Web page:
HCG has been involved in several controversies: on the manufacture of steroids and a diet pioneered by a doctor in early 1950s who related it to shedding the pounds. HCG is also recognized for its involvement and importance in fertility treatments and improvement of pubescent abnormalities. So what is HCG, and why does it seem to be valuable but not that familiar?
The HCG, or human chorionic gonadotropin, is essentially a hormone produced in our bodies. Our biology class teaches us that hormones are chemical molecules made by our endocrine glands or are produced in the testes for males and in the ovaries for females.
The levels or amounts of hormones present in our bodies, all the activities each of them does, and all interactions they have with each other significantly affect our health. As a gonadotropin, HCG is particularly involved with the human processes of sexual maturity and reproduction.
Origins and Functions
HCG is naturally produced in the placenta, an organ that connects the growing fetus to the uterine wall so the baby could take in nutrients, receive oxygen, and secrete or exude wastes. The placenta comes from the chorion villi, which are projections of the outer membrane encasing the embryo. For more information click here.
The HCG promotes progesterone release so the uterus can support the developing fetus and the pregnancy can continue. However, a number of studies are continuously endeavoring to know the other functions of HCG during pregnancy, such as facilitating endometrial receptivity.
HCG greatly increases in amount during the first trimester, during week eight to week ten from the last menstrual cycle. By the tenth week, HCG will begin to gradually decrease.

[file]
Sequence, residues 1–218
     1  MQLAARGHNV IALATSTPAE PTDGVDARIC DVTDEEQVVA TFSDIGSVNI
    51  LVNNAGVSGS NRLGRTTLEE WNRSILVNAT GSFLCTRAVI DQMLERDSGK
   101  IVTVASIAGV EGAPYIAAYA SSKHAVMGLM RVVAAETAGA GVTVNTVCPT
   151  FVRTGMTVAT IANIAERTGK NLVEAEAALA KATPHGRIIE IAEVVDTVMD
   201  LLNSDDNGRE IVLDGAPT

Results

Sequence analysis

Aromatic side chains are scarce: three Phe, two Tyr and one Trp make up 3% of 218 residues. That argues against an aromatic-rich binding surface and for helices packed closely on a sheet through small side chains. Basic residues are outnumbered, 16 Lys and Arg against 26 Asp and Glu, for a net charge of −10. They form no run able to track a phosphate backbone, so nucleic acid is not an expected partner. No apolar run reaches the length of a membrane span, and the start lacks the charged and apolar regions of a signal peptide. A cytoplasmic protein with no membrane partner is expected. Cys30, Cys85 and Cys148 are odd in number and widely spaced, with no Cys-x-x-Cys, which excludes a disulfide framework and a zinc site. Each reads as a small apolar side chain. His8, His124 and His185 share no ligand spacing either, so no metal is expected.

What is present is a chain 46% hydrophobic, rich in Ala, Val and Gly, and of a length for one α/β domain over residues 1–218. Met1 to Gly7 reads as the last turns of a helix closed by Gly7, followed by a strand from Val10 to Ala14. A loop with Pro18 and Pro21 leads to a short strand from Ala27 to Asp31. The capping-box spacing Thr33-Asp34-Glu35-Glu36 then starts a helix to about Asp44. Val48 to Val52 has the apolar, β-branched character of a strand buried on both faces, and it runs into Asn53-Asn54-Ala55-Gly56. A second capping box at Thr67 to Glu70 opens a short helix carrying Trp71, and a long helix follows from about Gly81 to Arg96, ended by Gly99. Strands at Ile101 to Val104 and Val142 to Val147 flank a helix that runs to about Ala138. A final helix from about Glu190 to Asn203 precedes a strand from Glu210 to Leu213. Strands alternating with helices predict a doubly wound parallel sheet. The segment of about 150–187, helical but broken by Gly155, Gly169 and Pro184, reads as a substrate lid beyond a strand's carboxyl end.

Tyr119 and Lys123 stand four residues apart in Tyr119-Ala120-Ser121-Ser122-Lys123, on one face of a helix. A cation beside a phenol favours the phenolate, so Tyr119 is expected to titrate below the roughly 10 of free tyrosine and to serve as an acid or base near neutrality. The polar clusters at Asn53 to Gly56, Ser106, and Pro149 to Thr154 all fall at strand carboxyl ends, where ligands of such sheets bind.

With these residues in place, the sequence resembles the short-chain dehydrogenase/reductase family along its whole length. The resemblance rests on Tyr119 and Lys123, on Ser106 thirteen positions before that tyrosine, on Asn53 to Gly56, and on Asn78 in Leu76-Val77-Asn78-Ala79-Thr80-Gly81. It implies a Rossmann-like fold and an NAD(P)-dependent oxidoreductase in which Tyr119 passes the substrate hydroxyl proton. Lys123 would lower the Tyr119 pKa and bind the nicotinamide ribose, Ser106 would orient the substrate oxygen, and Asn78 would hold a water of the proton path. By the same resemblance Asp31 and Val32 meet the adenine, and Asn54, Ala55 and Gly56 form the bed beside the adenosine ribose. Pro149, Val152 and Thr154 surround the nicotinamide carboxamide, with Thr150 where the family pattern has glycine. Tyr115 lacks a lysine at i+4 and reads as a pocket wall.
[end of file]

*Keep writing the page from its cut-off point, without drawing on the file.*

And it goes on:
However, some tumors can also secrete HCG, albeit abnormally. To understand this fact, we need to understand the basic structure or composition of HCG.
Hormones have diverse types and forms and one of them is the protein macromolecule. Proteins are formed by combining amino acids. The human chorionic gonadotropin has a carbohydrate molecule attached to an alpha subunit of 92 amino acids and a beta subunit containing 145 amino acids.
Certain tumors or neoplasms abnormally manufacture the beta subunit of HCG. This is the reason why the presence and elevated amounts of HCG could mean a person has a tumor growth, which may be cancerous. But ultimately, to verify tumor or cancer growth, HCG test will need to be evaluated against other laboratory or clinical examinations.
Urine or blood samples are taken in measuring HCG.
Before we could discuss interpretations of “high,” “normal,” or “low” HCG levels, we must know that the established international unit for measuring HCG is milli-international units per milliliter (mIU/mL). Normally, males and non-pregnant females will have less than 5 whole HCG mIU/mL. Quantitative tests (tests that measure exact amounts) with 25 mIU/mL or more HCG are considered positive in pregnancy. But after other significant lab assessments, a woman with abundant HCG that is found to be not pregnant may be diagnosed with a molar pregnancy, where tissues in the uterus abnormally grow or multiply. On one hand, a low HCG value could signify an ectopic pregnancy—when a fertilized egg attaches to a fallopian tube instead of the uterus, a miscarriage—when a pregnancy has spontaneously been terminated, or chromosomal defect of the unborn baby.
But in general, with regard to HCG test results and their implications, we must remember that laboratories and hospitals may have different normal ranges, and values need to be further evaluated against other tests before any finding or diagnosis could be verified.
So now we understand HCG and realize that as with all other hormones, its actions and levels, even a tiny change and increase or decrease of it can impact our health. We’ll surely continue learning more about the human chorionic gonadotropin hormone from the researches currently delving into it.